Performance Monitor is an important tool because not only does it enable you to know how SQL Server is performing, it is also the tool that indicates how Windows is performing. Performance Monitor provides a huge set of counters. Probably no one understands all of them, so don't be daunted.
This section is not about how to use Performance Monitor (although later in this section you will learn about two very valuable tools, Logman, and Relog, that make using Performance Monitor a lot easier in a production environment). The focus in this chapter is on how you can use the capabilities of this tool to diagnose performance problems in your system. For general information about using Performance Monitor, look at the Vista or Windows Server 2008 documentation.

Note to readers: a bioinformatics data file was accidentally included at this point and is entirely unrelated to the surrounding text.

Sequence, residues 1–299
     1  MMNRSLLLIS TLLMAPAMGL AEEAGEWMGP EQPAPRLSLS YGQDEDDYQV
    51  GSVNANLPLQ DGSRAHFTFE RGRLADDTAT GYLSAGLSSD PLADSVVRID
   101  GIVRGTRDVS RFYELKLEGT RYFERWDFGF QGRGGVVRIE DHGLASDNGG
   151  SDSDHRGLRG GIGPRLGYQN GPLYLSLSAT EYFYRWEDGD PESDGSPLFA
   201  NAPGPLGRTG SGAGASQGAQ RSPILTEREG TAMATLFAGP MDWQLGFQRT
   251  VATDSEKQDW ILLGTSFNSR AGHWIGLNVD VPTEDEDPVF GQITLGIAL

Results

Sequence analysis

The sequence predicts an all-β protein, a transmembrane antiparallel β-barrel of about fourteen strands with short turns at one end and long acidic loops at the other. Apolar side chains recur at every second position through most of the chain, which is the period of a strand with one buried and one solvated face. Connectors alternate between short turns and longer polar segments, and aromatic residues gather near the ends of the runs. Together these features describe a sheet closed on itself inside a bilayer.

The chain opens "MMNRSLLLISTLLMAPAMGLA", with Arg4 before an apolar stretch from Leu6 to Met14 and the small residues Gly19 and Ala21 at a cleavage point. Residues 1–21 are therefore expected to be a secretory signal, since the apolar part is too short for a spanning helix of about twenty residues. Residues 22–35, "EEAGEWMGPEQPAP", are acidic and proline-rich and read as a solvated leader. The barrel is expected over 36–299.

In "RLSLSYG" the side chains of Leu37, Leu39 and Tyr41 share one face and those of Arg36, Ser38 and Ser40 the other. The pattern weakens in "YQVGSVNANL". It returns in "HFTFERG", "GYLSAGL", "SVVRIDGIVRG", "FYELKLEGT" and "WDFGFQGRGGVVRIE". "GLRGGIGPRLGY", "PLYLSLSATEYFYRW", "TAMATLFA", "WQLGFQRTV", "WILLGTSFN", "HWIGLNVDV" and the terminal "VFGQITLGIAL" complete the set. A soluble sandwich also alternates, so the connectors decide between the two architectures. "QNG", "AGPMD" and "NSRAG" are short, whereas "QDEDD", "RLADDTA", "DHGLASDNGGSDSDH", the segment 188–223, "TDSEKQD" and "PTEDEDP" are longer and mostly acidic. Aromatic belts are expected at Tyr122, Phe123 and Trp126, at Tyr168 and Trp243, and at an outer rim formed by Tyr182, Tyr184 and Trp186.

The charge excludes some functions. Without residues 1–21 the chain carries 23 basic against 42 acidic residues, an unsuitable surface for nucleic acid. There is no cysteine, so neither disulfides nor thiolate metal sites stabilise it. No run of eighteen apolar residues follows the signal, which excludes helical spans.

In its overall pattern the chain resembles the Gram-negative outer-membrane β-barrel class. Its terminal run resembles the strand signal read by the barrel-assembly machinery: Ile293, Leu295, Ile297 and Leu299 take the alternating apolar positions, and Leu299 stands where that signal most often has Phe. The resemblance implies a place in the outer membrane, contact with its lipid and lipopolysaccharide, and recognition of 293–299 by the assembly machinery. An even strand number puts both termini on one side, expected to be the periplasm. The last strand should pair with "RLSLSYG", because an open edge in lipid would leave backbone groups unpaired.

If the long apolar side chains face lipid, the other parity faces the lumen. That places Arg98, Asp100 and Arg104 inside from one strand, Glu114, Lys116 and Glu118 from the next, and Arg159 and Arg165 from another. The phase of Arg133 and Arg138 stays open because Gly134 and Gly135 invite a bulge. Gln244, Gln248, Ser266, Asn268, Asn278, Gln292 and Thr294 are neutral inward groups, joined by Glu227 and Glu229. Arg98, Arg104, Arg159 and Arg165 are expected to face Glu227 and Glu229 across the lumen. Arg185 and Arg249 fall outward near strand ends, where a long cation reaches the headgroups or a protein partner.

As mentioned, you need to monitor three server resources:
I/O (primarily disk I/O, but in some cases network as well)
Monitor these key counters over a "typical" 24-hour period. Pick a typical business day, not a weekend or holiday, so you get an accurate picture of what's happening. You should also take into account any specific knowledge of your business and monitor for peaks of activity such as end of week, end of month, or other special activities.
Several counters show the state of the available CPU resources. Bottlenecks due to CPU resource shortages are frequently caused by problems such as more users than expected, one or more users running very expensive ...